“Some of the worst mistakes in my life were haircuts.”
— Jim Morrison
How many of you remember the oral boards? Huh? Do you?
Remember the weeks to months of practicing cases, learning the little signs that made a case an “Aunt Minnie”? Remember how many times you were left standing at the viewbox with that brain-dead look on your face, staring at a case that not only didn’t resemble Aunt Minnie, but looked instead more like her ugly niece, Mildred? Ha! Remember how stupid you felt?
Remember practicing your 2-3 minutes of knowledge about an entity so you could hopefully nail that 72 and move to the next exam room with a clear head? Even better, remember the Executive West at breakfast time? Remember the examiners in the hallways and you looking at the floor to avoid eye contact as you slithered towards the gathering room—or as we all thought of it, the slaughterhouse entrance? Do you remember that EVIL hotel? I still think there had to be at the bottom of that heinous pool in the courtyard the bodies of countless candidates who had chosen to plunge in after a particularly bad performance.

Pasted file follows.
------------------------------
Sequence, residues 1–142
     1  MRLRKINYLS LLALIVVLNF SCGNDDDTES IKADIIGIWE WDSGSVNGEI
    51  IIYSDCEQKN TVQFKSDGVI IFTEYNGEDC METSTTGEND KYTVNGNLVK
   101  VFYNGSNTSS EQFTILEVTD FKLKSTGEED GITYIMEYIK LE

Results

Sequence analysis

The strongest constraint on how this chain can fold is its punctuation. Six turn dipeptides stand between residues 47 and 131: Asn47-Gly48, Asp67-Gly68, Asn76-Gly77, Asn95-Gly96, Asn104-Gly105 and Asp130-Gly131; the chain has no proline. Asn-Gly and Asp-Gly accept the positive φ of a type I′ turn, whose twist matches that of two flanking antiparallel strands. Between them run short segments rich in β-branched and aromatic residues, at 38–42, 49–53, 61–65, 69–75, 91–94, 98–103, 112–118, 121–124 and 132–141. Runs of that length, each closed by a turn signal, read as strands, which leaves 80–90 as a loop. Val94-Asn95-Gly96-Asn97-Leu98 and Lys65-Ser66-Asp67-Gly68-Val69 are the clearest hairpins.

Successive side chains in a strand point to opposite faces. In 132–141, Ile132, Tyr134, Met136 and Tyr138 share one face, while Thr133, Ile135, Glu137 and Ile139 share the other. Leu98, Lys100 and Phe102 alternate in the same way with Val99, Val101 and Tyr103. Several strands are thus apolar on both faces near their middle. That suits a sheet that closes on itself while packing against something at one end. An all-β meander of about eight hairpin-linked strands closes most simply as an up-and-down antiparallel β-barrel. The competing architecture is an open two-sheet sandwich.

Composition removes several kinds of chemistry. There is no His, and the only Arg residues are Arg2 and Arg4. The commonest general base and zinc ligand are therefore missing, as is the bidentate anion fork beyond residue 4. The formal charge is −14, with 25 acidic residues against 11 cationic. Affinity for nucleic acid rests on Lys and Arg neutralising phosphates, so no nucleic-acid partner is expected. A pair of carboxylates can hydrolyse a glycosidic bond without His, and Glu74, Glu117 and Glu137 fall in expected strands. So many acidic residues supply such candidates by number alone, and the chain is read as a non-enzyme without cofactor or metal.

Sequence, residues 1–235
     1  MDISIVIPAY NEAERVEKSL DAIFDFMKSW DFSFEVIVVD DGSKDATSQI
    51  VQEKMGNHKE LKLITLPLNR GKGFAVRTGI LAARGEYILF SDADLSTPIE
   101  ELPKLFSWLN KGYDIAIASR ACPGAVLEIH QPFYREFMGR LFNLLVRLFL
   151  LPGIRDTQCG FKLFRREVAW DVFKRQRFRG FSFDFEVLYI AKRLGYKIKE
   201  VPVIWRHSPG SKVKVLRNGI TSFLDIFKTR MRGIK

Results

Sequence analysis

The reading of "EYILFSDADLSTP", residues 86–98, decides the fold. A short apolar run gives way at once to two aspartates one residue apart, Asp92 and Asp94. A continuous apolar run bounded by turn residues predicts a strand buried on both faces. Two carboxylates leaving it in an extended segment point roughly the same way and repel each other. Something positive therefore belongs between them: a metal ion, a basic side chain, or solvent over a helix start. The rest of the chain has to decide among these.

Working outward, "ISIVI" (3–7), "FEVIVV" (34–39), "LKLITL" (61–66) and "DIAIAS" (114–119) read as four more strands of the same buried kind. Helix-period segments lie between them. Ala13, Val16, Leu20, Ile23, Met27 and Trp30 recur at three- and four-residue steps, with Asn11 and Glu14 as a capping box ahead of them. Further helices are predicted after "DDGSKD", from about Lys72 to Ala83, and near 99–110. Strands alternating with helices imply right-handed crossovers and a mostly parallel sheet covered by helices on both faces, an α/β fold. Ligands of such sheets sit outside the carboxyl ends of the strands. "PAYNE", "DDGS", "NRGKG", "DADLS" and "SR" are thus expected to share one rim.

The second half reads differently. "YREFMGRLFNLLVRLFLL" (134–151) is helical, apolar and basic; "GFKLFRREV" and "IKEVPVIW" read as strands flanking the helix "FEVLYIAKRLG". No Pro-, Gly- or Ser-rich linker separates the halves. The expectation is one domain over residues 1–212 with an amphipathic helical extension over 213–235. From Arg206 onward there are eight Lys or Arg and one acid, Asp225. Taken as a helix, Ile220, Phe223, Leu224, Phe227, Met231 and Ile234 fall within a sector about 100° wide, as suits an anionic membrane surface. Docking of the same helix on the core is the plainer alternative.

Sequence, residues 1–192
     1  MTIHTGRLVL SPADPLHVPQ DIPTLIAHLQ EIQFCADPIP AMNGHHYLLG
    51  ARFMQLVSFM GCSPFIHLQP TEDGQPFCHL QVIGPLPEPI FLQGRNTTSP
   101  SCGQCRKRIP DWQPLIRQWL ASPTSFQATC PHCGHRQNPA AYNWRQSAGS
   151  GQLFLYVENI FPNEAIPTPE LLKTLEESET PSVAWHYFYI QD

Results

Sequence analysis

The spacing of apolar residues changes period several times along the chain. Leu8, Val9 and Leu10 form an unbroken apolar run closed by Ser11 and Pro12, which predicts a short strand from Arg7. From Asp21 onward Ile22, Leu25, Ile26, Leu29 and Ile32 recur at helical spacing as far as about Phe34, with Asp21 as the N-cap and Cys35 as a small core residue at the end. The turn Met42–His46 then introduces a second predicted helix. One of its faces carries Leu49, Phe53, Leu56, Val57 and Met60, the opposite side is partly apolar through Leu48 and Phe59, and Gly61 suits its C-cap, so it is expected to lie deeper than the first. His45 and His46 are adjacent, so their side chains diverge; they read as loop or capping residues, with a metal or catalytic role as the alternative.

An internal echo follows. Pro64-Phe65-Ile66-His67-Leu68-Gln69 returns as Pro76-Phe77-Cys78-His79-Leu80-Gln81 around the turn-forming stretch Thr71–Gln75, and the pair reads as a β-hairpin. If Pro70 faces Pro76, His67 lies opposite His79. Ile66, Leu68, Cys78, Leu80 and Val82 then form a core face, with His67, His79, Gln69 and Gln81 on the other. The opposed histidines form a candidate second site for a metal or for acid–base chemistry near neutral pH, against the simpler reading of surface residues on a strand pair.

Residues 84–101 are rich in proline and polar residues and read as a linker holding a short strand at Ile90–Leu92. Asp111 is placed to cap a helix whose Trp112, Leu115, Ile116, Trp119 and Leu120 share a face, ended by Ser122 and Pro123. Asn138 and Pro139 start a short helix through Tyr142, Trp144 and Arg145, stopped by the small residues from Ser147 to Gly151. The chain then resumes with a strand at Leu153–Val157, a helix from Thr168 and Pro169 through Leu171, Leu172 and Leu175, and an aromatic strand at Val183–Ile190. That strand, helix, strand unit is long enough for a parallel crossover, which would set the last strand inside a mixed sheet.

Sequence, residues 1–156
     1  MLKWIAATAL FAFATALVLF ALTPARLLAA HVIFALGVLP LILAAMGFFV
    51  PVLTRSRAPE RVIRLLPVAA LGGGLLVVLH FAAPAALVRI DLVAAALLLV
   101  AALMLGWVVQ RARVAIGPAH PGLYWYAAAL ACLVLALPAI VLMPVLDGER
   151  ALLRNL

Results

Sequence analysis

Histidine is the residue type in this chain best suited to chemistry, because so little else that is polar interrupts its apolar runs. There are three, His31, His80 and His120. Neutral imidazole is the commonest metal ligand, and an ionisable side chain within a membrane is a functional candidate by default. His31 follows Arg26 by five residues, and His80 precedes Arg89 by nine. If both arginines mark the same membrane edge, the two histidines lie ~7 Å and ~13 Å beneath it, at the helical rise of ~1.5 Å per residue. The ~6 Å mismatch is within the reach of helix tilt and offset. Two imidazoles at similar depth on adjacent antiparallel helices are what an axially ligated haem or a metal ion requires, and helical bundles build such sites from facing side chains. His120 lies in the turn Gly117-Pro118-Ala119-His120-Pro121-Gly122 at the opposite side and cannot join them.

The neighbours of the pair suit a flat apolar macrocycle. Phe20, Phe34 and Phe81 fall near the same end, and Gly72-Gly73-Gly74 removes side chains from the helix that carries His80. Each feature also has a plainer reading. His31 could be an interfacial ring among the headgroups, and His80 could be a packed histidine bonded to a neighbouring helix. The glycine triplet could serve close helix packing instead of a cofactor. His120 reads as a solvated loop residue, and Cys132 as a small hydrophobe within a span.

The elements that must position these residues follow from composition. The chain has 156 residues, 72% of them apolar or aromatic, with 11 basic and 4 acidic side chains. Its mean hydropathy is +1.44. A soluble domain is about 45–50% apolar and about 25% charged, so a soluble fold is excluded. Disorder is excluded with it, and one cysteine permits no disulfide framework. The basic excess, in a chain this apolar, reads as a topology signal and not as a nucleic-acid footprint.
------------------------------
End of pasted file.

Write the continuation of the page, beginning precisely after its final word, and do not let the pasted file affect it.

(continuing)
Here’s why I bring this up. We’re several years into the new “system,” and I miss the oral boards. And, I think many others do as well. And for good reason – we’re raising the young ‘uns in an unnatural fashion. Here are my thoughts on why I think a computerized ABR exam is unrealistic:
So, you get it? I think it was a mistake to ditch the orals. I think the orals provided theater and entertainment, as well as a final hurdle that was both appropriate and suitable for us all. It allowed us to do what we were trained to do—interact both with a film and with humans who are interested in that film. I think we are poorer for having done away with this practice.
I have to thank my wife for this particular column—we have discussed this far too many times for any average couple (we’re both radiologists, naturally). The boards? Just another item of scintillating dinner conversation.
Keep doing that good work. Mahalo.Back To Top
Phillips CD. Wet Read: Back to the Future. Appl Radiol. 2017;46(6):34.
Dr. Phillips is a Professor of Radiology, Director of Head and Neck Imaging, at Weill Cornell Medical College, NewYork-Presbyterian Hospital, New York, NY. He is a member of the Applied Radiology Editorial Advisory Board.